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I started my first job as a software developer while still a senior in college. It was at a small IT and computer repair shop, and I am the first and only programmer to work there. Now two months after graduation I have found a job at a company on the opposite end of the size scale, but as I reflect on the work I leave behind I feel uncomfortably as if I have failed in some of my responsibilities as a developer.

Mostly I couldn't find a way to convey to my boss (the owner) that the project I was working on was outside the scope of my experience and abilities. Without specifics, he wants a SaaS-like website that offers a host of features such as task management, calendaring, group chat messaging, and inventory tracking. The website should feature as native an experience as possible but have to advantage of being accessible across all platforms. He also wants Android and iOS client apps.

I like to think I am a decent, albeit novice, programmer. I set up Git, I created a database normalized to third normal form, I use bcrypt, our web api is mostly RESTful, I learned AngularJS for the website and Objective C for the iOS app. But progress has been slow. The iOS app is done, but Eclipse hasn't even been downloaded for the Android one. I'd say the website is about 25% done, but I've come to realize that my ability to accurately judge web development is nil (I'll never touch another line of HTML in any future jobs if I can help it).

That said, I definitely did not do well in project planning and requirements management. Worse, he'll never be able to find a more experienced developer willing to work for my wages, so there's a real danger that almost a full year's work will never see production.

Several months into the project, as I started to get an idea of how much work would be required and how little I knew about web development, I tried to convince my boss to accept separate desktop and mobile apps to decrease development time, but he was pretty set on the benefits of a web app interface. As a software developer, I feel I have a responsibility to not only write good code, but also make sure my employers accurately know what can feasibly be done within both my skill limits and their resource limits. How can I effectively convince to my boss that a project is too far beyond my abilities?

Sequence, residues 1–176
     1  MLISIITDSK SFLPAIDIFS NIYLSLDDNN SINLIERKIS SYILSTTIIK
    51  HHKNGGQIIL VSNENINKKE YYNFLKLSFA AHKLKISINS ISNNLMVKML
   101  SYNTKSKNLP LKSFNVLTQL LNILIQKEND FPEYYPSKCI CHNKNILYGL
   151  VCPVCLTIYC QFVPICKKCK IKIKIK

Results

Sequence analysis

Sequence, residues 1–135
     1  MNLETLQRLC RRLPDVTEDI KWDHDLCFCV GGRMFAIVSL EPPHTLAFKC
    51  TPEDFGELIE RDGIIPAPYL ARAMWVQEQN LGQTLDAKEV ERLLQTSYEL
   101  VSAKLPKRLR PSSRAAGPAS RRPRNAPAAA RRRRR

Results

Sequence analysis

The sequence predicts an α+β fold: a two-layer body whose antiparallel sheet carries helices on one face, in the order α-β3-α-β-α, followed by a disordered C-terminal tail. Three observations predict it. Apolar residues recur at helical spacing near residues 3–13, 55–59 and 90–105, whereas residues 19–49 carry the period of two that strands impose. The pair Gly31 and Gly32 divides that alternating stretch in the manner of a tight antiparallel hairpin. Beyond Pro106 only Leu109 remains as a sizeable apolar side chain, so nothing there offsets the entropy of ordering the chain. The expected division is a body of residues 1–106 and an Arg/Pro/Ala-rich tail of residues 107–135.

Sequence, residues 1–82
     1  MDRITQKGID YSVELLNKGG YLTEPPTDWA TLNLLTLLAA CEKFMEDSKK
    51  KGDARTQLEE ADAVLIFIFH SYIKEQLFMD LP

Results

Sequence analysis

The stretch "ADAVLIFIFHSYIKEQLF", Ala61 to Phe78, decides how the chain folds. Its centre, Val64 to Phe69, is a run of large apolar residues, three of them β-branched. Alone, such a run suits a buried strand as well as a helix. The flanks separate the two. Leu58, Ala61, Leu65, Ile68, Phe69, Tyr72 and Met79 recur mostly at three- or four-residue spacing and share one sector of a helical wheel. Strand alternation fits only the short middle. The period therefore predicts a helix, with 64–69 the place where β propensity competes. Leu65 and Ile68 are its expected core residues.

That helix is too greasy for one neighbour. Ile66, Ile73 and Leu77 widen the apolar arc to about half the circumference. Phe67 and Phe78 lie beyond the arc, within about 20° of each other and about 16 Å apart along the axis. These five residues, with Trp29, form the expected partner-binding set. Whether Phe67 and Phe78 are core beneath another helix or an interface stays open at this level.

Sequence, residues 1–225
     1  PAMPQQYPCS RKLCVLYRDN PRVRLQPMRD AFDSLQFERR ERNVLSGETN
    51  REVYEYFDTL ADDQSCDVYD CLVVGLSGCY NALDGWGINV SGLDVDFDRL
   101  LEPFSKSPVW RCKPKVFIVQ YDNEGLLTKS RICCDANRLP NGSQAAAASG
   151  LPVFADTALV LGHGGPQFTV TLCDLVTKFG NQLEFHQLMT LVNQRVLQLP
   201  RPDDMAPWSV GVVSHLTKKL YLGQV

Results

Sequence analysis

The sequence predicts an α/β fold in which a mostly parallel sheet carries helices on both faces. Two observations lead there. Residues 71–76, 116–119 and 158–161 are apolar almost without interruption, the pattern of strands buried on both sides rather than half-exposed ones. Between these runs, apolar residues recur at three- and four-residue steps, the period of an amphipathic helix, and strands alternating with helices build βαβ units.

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marked as duplicate by GlenH7, Dan Pichelman, Ampt, MichaelT, gnat Aug 16 '14 at 0:12

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The only way to develop that skill is with experience and it sounds like you've started down that path. – tzerb Aug 15 '14 at 18:08
The Workplace would maybe accept this question (not sure). I flagged it for migration, so a mod should drop in sooner or later. – thorsten müller Aug 15 '14 at 18:12
@gnat I'm always impressed how you are able to find those duplicates. – thorsten müller Aug 15 '14 at 18:19
@gnat Sigh, and I thought I put so much effort into prechecking for duplicates... – Drake Aug 15 '14 at 18:20

1 Answer 1

I would approach your boss with a statement that it's beyond the abilities of one person. You shouldn't be expected to focus on all of these aspects of the project at once.

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Thanks for your input. However, I don't feel this is the most appropriate thing to say because due to my inexperience, I really have no idea whether it truly is beyond the abilities of one person, or just beyond my abilities. – Drake Aug 15 '14 at 23:16
Your boss got exactly what he paid for. You did the best you could and got some valuable experience, no reason to feel guilty. – Tony BenBrahim Aug 16 '14 at 2:50

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